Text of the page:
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The author of this blog, David T.S. Fraser, is a Canadian privacy lawyer who practices with the firm of McInnes Cooper. He is the author of the Physicians' Privacy Manual. He has a national and international practice advising corporations and individuals on matters related to Canadian privacy laws.

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The views expressed herein are solely the author's and should not be attributed to his employer or clients. Any postings on legal issues are provided as a public service, and do not constitute solicitation or provision of legal advice. The author makes no claims, promises or guarantees about the accuracy, completeness, or adequacy of the information contained herein or linked to. Nothing herein should be used as a substitute for the advice of competent counsel.

This web site is presented for informational purposes only. These materials do not constitute legal advice and do not create a solicitor-client relationship between you and David T.S. Fraser. If you are seeking specific advice related to Canadian privacy law or PIPEDA, contact the author, David T.S. Fraser.

Thursday, January 17, 2008

Microsoft seeks patent for office 'spy' software 

This is weird, and creepy:

Microsoft seeks patent for office 'spy' software - Times Online

Microsoft is developing Big Brother-style software capable of remotely monitoring a worker’s productivity, physical wellbeing and competence.

The Times has seen a patent application filed by the company for a computer system that links workers to their computers via wireless sensors that measure their metabolism. The system would allow managers to monitor employees’ performance by measuring their heart rate, body temperature, movement, facial expression and blood pressure. Unions said they fear that employees could be dismissed on the basis of a computer’s assessment of their physiological state....

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1/17/2008 06:46:00 AM  :: (2 comments)  ::  Backlinks
What do you mean you are sick and have to go home - the computer says you are fine. Creepy indeed.
Before the paranoia kicks in full swing, shouldn't we consider the facts, or the lack thereof?

1. in majority of cases there is very little connection between a specific patent and specific software product. Most patented subject matter never makes it into any kind of product, some is integrated along with many other bits of IP, and some exists purely to sue someone in the future (see RIM/NTP, lawsuits againt MS's Internet Explorer, current lawsuits against Nintendo, etc.)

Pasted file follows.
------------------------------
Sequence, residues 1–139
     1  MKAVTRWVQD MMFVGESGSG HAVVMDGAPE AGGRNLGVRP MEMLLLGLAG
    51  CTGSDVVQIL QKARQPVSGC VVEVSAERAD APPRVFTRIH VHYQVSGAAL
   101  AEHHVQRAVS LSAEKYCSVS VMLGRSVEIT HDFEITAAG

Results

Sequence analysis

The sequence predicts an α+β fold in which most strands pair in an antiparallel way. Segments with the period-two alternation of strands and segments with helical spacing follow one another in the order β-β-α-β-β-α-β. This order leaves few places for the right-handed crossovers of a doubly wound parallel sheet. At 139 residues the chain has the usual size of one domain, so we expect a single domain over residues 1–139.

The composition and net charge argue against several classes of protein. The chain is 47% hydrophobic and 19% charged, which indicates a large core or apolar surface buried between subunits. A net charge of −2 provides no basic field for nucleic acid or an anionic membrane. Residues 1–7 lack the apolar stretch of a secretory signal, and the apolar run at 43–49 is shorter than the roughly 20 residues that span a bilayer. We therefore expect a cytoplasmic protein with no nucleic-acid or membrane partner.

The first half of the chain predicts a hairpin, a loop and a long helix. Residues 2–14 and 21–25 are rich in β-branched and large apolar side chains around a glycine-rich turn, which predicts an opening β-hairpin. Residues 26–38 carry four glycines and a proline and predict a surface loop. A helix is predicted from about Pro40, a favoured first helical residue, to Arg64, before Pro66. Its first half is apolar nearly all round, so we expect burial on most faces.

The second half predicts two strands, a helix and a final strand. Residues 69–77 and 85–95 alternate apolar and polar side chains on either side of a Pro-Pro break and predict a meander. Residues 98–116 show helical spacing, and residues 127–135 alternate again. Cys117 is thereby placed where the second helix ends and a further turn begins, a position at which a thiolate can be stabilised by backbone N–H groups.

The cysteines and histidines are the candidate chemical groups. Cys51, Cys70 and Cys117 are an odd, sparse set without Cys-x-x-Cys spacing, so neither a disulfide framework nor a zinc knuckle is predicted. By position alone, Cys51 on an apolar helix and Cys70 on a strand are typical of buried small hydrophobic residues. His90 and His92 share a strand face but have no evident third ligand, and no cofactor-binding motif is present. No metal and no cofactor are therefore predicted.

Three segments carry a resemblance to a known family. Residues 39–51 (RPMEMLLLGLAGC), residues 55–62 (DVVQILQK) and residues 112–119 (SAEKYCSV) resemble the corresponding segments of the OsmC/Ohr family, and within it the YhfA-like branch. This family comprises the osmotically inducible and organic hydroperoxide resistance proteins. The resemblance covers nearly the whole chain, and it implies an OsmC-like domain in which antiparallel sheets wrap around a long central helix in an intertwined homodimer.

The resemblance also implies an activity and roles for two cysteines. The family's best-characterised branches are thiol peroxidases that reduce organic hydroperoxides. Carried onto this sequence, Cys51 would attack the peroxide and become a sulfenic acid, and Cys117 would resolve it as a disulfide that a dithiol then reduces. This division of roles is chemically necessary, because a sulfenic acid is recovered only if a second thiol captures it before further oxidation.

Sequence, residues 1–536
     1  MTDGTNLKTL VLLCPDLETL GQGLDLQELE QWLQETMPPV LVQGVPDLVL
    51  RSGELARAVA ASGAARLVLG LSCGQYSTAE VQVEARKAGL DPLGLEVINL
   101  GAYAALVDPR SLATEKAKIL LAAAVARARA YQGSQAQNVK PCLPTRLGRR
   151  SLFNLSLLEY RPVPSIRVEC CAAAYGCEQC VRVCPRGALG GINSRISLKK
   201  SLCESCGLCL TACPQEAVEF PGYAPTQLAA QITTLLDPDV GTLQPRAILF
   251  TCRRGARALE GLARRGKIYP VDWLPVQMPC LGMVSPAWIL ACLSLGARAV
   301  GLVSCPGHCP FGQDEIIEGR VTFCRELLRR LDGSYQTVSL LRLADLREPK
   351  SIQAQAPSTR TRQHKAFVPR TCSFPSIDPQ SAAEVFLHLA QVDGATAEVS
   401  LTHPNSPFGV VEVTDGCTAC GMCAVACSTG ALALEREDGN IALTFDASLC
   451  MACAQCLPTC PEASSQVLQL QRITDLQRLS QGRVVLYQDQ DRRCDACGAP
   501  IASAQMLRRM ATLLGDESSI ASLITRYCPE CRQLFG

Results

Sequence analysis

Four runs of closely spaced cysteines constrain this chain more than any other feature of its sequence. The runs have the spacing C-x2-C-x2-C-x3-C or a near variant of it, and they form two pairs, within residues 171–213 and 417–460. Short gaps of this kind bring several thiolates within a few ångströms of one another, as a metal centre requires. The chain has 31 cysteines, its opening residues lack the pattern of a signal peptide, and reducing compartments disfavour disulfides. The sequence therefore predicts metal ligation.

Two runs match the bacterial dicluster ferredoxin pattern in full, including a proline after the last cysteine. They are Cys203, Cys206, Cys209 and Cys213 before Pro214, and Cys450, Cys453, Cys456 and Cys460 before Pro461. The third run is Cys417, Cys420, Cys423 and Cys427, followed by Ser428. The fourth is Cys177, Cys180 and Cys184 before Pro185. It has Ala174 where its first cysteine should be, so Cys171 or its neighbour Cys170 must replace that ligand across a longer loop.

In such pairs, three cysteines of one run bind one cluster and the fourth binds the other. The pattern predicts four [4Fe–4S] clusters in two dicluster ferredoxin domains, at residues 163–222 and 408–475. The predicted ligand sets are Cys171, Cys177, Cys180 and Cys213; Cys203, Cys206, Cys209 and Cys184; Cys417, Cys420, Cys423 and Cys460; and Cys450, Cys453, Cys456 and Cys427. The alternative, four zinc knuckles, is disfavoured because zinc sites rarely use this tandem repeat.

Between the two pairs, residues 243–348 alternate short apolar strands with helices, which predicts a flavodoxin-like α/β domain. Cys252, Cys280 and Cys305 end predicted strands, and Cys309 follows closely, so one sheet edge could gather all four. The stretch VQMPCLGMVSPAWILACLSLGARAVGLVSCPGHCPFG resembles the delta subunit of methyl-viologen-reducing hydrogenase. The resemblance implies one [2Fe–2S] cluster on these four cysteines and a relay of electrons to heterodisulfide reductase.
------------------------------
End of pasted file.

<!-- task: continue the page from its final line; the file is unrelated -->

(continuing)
2. The article is scant on details except for quoting from what is probably an abstract of this application. However, I am curious as to why the paper (and the commentators) conclude that the technology is intended to be used (if it will be ever used) for the purpose that they suspect? Even the article states that such technology has been used for a long time in specific circumstances such as military aviation, NASA, etc. It is not unfathomable that there are other civilian contexts in which this is also necessary (for example high precision manufacturing) or, on the other hand, MS is simply patenting a better mousetrap to be used where similar technology is employed already. After all, if US aviation carrier ran (and crashed) Windows NT, maybe MS is trying to sell its wares to the military?

3. Privacy is no longer a function of technology, but rather a function of the legal rights of the individuals. In the contexct of modern technology privacy by obscurity is simply impossible. Cameras and other sensors are tiny and getting tinier and we cannot combat infringement of privacy facilitated with these by legislating them out of existence. It is no different than the movie stodies trying to stop piracy by banning software that copies DVDs.

Thus, it is really irrelevant what kind of technology MS invents or patents. In fact, as noted, such technology already exists and MS is simply putting a slightly new (or "unobvious") spin on it.
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